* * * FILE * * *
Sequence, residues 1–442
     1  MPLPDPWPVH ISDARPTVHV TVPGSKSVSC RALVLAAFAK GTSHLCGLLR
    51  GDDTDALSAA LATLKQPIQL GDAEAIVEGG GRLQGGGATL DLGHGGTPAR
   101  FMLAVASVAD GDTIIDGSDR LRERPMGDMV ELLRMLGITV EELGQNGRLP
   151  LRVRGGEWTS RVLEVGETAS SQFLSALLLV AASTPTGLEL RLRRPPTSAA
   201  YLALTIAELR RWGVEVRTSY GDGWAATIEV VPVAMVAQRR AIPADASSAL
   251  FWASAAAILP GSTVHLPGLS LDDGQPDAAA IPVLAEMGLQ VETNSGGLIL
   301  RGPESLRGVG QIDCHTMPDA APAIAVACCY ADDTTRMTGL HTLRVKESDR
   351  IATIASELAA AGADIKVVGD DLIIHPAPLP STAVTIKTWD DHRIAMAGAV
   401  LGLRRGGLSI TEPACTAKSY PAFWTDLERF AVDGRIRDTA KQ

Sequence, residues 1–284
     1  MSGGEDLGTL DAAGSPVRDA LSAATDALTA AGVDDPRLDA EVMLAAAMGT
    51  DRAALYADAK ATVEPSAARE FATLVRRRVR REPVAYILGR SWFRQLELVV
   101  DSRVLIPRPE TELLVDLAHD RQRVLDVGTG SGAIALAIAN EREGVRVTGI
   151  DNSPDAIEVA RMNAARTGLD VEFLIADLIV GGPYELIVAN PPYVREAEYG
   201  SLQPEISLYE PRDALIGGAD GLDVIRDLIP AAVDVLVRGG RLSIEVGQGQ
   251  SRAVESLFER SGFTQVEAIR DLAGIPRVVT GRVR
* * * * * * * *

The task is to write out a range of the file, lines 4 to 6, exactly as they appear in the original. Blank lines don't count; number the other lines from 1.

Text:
   101  FMLAVASVAD GDTIIDGSDR LRERPMGDMV ELLRMLGITV EELGQNGRLP
   151  LRVRGGEWTS RVLEVGETAS SQFLSALLLV AASTPTGLEL RLRRPPTSAA
   201  YLALTIAELR RWGVEVRTSY GDGWAATIEV VPVAMVAQRR AIPADASSAL